By far my biggest complaint in the game was the Target Priority: see the rules above.  Basically, when you are engaging in combat, players are forced to fight certain enemies before other enemies!  If there are 11 Walker zombies about to tear you to shreds, but a Brute and Zombie Hero is on the same space you must fight the Zombie Hero first, then the Brute, the Walkers!  This makes no sense to me: I should be able to target the zombies however I want! If the Winter Soldier wants to kill the Walkers so that Hulk can take out The Zombie Hero, you can’t do that! You MUST fight the zombies in Target Priority!! I hate this rule! It takes away player choice for no reason.  What’s even weirder is that Marvel Zombies: Heroes’ Resistance has Player Selected Turn Order, a mechanism that furthers player choice, but then removes some of  that choice with Target Priority!  Very strange.  I may never play with the Target Priority rule:  I really despise it! I feel like the game is playing me rather than me playing the game.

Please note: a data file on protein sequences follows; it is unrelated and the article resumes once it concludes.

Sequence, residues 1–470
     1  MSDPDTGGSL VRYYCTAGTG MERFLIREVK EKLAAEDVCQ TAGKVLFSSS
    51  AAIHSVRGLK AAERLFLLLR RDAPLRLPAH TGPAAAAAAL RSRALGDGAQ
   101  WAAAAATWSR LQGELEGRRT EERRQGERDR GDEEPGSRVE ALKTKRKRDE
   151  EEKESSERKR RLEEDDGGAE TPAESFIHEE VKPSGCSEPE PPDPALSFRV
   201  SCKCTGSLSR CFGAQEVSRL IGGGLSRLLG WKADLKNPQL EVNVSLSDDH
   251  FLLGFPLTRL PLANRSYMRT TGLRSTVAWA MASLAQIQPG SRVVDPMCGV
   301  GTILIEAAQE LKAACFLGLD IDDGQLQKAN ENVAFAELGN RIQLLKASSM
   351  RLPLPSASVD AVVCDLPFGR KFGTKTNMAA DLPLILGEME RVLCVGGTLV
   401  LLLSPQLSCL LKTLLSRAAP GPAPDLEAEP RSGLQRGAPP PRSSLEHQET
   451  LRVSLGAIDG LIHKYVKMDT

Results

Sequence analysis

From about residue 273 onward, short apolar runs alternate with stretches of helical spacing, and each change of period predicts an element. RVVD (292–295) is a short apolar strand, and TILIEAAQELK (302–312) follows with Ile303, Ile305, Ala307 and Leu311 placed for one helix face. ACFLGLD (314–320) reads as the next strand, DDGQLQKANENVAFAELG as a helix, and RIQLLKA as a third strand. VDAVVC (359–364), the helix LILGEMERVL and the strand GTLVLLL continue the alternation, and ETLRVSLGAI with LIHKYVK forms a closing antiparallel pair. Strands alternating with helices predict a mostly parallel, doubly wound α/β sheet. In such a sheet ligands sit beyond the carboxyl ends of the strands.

Another thing that seemed weird: the “1” on the dice is a “jaw with teeth”, but it kinda looks like a 6: see above.  “Did I roll 3 sixes?  Oh no, whoops! That’s a 1!”  I know the dice were doing that to be thematic, but the jaw choice looks a little too much like a 6.  It’s not a big deal, but it did trip us up a few times, really!


I also didn’t love that you always must have 4 heroes in play.  That’s great in a 4-Player game, seems manageable in a 2 or 3-Player game, but I think it has major maintenance consequences and context switch problems in solo mode.  

Another thing I don’t like: once you punch out the zombies out and try to pack everything up, the game doesn’t really fit in the box very well.  This was surprising, given how good the insert is.  The box just doesn’t close all the way …

IMG_4400 (1)



I was surprised how much I liked Marvel Zombies: Heroes’ Resistance, especially since I don’t like zombie games!! It was fun, the rules weren’t too complex, the game looks great on the board, each player feels unique, there are a lot of interesting choices, and even a little but of roleplaying seems to emerge when you play! Despite its zombie theme, me and my friends really enjoyed this. I think part of the enjoyment is that the Zombicide rules (that this game is based on) have gone through a lot of evolution to become the streamlined ruleset we see here.